Why CPM Is Neither Dead Nor Dying

Inplace #2

ADOTAS — In a recent article titled “The Death of CPM,” the CFO of a B2B digital marketing platform company asked, “Are the old [cost per mille] metrics still working?”

This question implies that CPM once worked and no longer does. The effectiveness of cost per mille as a metric, if anything, becomes stronger as programmatic media-buying takes a greater on-stage presence in the advertising industry. Programmatic allows brands to become more adept at targeting the right people, which means that more of the users in each thousand impressions are intenders, and those haystacks that the author mentioned have more needles in them.

Not only that, but technology exists that helps you to find those needles quicker and more efficiently. Just poking around with hands puts you risk of pricking yourself (think of spending your ad dollars on testing campaigns to find the right audience, and ultimately experiencing a negative ROAS). In contrast, programmatic media buying acts like a magnet that sweeps over said haystack, adapting to reach each needle. You find the right customer in less time, and with a lower cost – leaving you with a higher ROAS.

But you can’t just pay for success. Suggesting that a brand pay its agency only for engagement with an ad or for ultimate conversions is like paying for online dating only when you find “the one.” This discredits the entire system behind the matching and the effort it took to bring you your ideal partner in the end. If CPM was completely removed from the table as a metric, and replaced with a metric that quantifies payment according to success, you can count on an advertising strike as significant as the Writers Guild of America strike in 2007.

This isn’t to say that CPM should be the core of the relationship between a brand and its advertising vendor. If that were the case, then the vendor would be motivated to simply serve as many ads as budgeted; the audience is of no concern. In order to make the relationship mutually beneficial, a backend metric should be factored in.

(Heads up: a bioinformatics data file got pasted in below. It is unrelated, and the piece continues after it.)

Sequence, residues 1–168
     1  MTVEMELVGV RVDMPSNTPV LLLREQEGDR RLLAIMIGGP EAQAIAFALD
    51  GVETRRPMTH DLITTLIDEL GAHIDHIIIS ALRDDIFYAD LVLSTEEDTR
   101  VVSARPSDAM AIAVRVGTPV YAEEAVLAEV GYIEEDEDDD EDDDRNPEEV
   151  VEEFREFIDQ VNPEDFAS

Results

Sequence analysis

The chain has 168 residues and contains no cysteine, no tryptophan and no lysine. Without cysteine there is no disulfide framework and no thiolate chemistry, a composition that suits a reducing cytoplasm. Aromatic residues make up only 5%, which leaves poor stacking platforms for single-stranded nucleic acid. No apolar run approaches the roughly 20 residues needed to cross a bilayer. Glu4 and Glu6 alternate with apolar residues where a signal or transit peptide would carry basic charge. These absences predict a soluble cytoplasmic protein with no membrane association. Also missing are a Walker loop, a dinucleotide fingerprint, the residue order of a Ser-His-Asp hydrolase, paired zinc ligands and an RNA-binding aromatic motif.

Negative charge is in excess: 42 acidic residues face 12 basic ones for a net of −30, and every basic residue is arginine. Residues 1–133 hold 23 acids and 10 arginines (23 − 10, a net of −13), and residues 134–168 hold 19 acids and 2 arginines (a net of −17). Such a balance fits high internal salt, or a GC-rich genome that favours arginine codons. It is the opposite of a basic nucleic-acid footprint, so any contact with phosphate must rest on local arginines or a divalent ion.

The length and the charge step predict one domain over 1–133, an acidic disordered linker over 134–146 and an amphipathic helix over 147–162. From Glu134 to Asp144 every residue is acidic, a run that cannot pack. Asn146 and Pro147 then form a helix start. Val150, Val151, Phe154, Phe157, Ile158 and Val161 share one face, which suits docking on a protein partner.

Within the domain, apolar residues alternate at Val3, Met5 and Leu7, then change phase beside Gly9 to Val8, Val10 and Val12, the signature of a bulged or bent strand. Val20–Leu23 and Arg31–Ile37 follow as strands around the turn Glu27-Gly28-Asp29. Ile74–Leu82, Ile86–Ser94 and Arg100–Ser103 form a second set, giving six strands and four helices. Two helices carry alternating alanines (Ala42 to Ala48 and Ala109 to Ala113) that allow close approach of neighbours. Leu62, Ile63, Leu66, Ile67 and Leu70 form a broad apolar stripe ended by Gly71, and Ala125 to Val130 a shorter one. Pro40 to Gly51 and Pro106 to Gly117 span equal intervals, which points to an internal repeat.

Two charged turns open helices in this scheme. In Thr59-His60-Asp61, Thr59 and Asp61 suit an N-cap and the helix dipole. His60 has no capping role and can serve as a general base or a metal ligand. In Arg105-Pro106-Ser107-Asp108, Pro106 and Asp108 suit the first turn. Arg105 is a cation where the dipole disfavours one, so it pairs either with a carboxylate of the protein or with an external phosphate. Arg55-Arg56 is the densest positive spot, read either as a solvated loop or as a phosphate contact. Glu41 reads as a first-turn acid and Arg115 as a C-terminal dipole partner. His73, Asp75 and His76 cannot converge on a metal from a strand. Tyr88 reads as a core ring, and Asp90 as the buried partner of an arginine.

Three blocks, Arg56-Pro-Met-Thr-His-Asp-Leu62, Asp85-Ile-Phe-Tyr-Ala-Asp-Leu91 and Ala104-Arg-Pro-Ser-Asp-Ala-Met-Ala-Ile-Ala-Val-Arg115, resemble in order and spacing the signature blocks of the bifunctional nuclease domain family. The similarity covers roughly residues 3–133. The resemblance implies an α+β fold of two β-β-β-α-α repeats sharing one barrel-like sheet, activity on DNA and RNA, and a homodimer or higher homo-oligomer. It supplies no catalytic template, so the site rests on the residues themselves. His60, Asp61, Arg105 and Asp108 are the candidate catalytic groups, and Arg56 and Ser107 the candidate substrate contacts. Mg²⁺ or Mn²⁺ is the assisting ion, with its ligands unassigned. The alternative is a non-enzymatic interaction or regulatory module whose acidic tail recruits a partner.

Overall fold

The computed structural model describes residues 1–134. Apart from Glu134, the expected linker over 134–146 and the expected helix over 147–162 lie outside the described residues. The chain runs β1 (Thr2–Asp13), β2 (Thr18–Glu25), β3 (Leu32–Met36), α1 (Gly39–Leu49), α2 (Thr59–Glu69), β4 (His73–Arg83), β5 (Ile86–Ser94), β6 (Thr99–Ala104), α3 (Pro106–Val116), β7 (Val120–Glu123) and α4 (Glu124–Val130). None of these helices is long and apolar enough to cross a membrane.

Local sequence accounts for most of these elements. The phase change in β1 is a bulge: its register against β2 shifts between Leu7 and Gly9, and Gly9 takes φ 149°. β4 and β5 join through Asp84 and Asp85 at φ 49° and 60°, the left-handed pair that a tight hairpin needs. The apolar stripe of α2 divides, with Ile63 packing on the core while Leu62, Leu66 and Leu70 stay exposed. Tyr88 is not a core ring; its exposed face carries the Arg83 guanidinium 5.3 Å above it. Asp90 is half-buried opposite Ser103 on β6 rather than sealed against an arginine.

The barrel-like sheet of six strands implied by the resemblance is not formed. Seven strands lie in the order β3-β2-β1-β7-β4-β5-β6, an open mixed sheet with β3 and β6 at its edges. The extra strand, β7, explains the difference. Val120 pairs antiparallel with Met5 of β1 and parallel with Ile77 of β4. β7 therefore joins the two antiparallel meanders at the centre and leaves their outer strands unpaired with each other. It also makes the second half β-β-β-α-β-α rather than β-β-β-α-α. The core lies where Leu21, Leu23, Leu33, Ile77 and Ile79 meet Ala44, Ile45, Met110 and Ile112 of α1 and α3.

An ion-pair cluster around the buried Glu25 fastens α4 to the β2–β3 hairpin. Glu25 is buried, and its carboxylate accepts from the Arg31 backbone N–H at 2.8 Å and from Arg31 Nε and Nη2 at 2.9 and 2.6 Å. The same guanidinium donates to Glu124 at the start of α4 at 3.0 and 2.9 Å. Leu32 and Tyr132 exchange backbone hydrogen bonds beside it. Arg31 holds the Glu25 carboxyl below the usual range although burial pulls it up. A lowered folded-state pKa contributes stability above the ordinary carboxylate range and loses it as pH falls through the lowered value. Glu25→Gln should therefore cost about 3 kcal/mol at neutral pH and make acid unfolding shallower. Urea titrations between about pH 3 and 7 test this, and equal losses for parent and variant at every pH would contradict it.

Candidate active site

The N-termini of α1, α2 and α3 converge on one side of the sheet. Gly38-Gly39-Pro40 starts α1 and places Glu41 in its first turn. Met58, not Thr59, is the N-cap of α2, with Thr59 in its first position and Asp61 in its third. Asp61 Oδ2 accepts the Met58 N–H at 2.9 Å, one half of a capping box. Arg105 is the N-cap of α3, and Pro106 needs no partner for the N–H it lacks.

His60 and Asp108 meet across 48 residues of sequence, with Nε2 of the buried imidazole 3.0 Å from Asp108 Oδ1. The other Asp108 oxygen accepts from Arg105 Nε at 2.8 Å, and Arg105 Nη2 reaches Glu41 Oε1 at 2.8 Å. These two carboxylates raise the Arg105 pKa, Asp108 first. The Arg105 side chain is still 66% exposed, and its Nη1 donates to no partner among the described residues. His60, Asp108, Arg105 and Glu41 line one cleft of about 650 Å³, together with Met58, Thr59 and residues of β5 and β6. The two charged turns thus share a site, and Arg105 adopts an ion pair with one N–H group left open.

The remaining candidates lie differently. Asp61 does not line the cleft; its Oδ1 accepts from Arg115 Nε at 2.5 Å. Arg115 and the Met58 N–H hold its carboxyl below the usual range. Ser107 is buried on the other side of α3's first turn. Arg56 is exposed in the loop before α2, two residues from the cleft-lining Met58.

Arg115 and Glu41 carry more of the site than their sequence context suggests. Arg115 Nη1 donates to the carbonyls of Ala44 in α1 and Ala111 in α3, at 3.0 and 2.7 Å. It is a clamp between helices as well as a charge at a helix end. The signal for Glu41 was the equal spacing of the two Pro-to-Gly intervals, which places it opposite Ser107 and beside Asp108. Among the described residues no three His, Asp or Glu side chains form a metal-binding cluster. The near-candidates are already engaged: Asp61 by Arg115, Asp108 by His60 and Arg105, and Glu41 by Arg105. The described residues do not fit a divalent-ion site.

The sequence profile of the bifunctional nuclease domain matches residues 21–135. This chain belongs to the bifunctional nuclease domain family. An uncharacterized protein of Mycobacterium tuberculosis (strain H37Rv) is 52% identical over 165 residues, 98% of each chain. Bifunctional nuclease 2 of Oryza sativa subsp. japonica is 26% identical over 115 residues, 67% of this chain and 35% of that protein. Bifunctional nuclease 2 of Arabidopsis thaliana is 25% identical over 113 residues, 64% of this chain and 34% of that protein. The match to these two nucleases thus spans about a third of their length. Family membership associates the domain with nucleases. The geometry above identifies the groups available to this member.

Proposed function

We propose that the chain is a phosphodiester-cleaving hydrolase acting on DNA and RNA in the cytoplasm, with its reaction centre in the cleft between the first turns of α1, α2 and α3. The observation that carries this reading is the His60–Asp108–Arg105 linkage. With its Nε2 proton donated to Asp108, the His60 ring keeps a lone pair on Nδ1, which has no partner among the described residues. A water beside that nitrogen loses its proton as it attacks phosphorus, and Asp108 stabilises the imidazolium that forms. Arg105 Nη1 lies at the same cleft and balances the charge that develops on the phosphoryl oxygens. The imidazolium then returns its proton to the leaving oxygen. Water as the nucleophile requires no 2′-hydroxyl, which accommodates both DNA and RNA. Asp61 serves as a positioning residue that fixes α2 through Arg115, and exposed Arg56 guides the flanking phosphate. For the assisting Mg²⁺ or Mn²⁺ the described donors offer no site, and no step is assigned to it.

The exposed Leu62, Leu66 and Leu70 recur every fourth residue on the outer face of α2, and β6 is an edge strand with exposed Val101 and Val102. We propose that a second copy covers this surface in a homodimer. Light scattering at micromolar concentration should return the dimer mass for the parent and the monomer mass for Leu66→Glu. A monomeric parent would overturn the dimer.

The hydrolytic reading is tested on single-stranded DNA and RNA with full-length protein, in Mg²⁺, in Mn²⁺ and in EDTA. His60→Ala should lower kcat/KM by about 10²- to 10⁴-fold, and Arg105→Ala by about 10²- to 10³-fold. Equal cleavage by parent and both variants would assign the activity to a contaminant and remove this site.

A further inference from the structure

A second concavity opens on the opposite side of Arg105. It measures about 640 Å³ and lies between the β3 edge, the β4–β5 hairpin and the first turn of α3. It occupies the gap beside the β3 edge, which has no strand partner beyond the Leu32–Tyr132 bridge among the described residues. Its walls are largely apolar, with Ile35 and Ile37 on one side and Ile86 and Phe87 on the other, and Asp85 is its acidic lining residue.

Focusing on a cost-per-click (CPC) metric encourages the vendor to serve ads that result in audience clicks, which, in theory, means that brands would be pulling users who are interested in your product or service.  However, up to 1/3 of views and clicks for ad campaigns are the result of a bot, an accidental click, or a window-shopper who never converts. Focusing on CPC encourages the vendor to focus wholly on the end-metric needed – in this case, clicks. It removes the vendor from the brand’s ultimate goal, which is a form-fill, sign-up, purchase, etc. CPM is the metric that pays an advertising partner for their work.  Measuring their effectiveness is a different issue.  If direct response is the goal, then you should focus on a cost-per-action (CPA) metric on the back-end.  If brand awareness is the goal, the back-end metric can be lift measured through a survey.

Let’s now move on to the argument that CPM is an “unreliable tactic” for B2B companies.  Having a CPM metric doesn’t mean that you only get the answer to “How many thousands of people saw my ad?” You can also find out how many of the right people see your ad, and how many engaged. That’s part of the benefit of programmatic media-buying: the tracking. With beacons and pixels installed into the creative, not only is the impression tracked, so is user engagement. Even view-through becomes possible. Say a user views an ad for summer sandals, and then continues to browse other sites. Before shutting her computer down for the night, the viewer decides she does indeed want those sandals for her beach vacation next month. She visits the brand’s site directly, and moves forward, making the purchase. Tracking methodologies give proper attribution to the ad and allow the advertiser to measure the partner’s effectiveness independent of the pricing model.

Regarding the comment that “Running one campaign won’t have much of an impact on overall decision-making,” we agree that, in a B2B environment, a display ad rarely converts directly to a service purchase. This is a process that can take months or even years. However, the flight of one campaign will generate leads and can have an impact on decision-making.  If strict measurability is needed, it is possible to connect ad spend to leads or deals that are closing, as discussed above. Additional benefits of CPM ad campaigns include transparency, insights, and the ability to switch back-end metrics. All of these are willingly supported by advertising partners who are being paid for the work they do. Many advertisers, including B2B companies, discover unique insights that reveal niche markets they were not previously aware of.

So, to sum: CPM is not dead. It should not be the only metric used to measure and pay for an ad campaign. There should also be a backend metric that keeps a brand and its vendor on the same page and in line with end objectives. By paying for the work of a partner on a measure of work done, and basing performance evaluations on separate back-end metrics, there is closer alignment of motivation between the partner and the advertiser. This allows the advertiser and their partner to work together to achieve the advertiser’s goals, to be open and transparent, and to be flexible enough to target who you want to target and to achieve what you want to achieve. It also frees your partner up to help you discover new audiences and hone in on those prospects who perform the highest. CPM is fair, flexible, a proper motivator, and certainly alive and well.